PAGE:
What Is Wrong With PHP’s Semaphore Extension
Lack of a true Semaphore
sem_release() releases the semaphore if it is currently acquired by the calling process, otherwise a warning is generated.
By far the worst, this limitation makes a whole class of problems much more difficult to solve, and in fact means that PHP’s Semaphore extension, despite the name, is really a mutex (a semaphore with ownership, i.e., only the acquirer may release). Furthermore, it is inconsistent with the behavior of equivalent functions in other languages such as C and Python.
Please see phm\Lock\Semaphore for a kludgy workaround using mutexes, shared memory, and a message queue.
Undefined error handling
What happens if you sem_get() using a key that is already in use by a different type of resource, say, a System V shared memory segment? This is an issue because ftok() (the normal way of generating IPC keys for this stuff) is collision-prone, given a large enough filesystem.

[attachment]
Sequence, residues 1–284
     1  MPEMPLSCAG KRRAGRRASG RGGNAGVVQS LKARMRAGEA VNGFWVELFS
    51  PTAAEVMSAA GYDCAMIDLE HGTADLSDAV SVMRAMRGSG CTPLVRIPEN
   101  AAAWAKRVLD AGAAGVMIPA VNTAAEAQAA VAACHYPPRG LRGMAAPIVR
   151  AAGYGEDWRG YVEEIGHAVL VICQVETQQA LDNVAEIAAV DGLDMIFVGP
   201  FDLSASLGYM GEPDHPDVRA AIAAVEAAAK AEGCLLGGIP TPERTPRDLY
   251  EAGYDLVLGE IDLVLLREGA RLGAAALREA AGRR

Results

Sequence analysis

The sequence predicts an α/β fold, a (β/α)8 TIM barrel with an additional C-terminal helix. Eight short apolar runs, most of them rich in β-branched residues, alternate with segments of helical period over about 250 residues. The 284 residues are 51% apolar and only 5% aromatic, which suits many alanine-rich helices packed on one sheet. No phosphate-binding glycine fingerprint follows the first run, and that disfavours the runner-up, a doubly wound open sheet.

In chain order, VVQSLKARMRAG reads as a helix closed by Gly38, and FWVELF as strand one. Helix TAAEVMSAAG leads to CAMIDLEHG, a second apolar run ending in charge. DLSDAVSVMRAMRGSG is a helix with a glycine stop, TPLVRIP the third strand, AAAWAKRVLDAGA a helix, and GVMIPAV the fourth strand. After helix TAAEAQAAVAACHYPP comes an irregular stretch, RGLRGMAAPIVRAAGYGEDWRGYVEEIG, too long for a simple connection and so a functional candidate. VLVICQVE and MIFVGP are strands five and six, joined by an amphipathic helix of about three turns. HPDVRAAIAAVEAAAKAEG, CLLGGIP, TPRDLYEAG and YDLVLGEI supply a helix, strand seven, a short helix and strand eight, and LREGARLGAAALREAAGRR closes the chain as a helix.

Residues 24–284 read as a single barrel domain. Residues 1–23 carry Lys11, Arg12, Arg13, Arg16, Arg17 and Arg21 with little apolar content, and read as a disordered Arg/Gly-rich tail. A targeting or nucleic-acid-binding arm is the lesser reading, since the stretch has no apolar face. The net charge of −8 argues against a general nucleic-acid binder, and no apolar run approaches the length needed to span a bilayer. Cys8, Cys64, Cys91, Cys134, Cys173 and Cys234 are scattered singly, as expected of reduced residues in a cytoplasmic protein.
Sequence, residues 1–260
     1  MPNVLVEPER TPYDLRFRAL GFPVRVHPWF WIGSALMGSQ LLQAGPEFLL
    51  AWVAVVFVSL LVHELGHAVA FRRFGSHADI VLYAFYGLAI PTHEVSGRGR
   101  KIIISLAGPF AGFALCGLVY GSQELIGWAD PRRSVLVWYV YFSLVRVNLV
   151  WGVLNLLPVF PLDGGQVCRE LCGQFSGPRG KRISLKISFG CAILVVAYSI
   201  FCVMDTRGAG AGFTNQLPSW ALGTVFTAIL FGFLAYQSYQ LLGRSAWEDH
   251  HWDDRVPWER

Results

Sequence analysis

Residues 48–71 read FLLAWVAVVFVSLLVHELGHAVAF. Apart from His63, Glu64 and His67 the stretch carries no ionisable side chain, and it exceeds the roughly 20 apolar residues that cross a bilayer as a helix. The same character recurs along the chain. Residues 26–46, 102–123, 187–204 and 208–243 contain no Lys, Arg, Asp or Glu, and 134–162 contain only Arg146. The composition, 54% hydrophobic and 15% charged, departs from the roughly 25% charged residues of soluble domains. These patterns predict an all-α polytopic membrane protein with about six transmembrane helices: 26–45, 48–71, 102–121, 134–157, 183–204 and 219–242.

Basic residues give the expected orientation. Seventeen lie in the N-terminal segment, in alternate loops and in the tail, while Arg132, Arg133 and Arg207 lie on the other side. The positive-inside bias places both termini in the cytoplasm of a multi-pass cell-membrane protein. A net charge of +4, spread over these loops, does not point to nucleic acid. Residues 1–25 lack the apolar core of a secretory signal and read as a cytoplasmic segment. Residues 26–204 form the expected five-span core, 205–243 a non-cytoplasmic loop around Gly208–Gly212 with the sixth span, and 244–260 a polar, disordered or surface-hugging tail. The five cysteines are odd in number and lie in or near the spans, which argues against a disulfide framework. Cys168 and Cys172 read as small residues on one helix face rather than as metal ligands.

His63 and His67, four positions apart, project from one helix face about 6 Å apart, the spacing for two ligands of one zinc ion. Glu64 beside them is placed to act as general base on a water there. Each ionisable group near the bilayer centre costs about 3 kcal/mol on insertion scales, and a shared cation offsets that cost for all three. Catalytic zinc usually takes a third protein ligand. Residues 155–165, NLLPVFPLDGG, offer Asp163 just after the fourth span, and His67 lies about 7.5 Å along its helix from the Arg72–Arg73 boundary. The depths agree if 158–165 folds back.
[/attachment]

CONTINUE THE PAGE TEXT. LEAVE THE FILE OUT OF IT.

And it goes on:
Undefined behavior of sem_get()
[T]he documentation does not stipulate what will happen if the max_acquire paramter is varied upon successive invocations of the sem_get method. [S]o setting it to 100, then to 1 on 2 successive calls will have an undefined behavior.
This is avoidable, but it would be nice if this were fixed.
Cannot disable semaphore auto-releasing
If I write a program with a sem_get and auto_release=0, in case of shutdown, an other program should not be available to take the semaphore.
A semaphore may be deleted when other processes are waiting to acquire it
sem_remove() should take the SYSVSEM_USAGE (see sysvsem.c) count into consideration when it is called. Only if this count is == 1 should the semaphore be removed. This will allow the last process that is using the semaphore to remove it from the system.
The mantra among the PHP community seems to be “less bitchin’, more fixin’”, which is admirable. I do not wish to criticize or complain, but rather to document the need and hopefully encourage someone who has the background in C development to fix this (alas, I do not have this).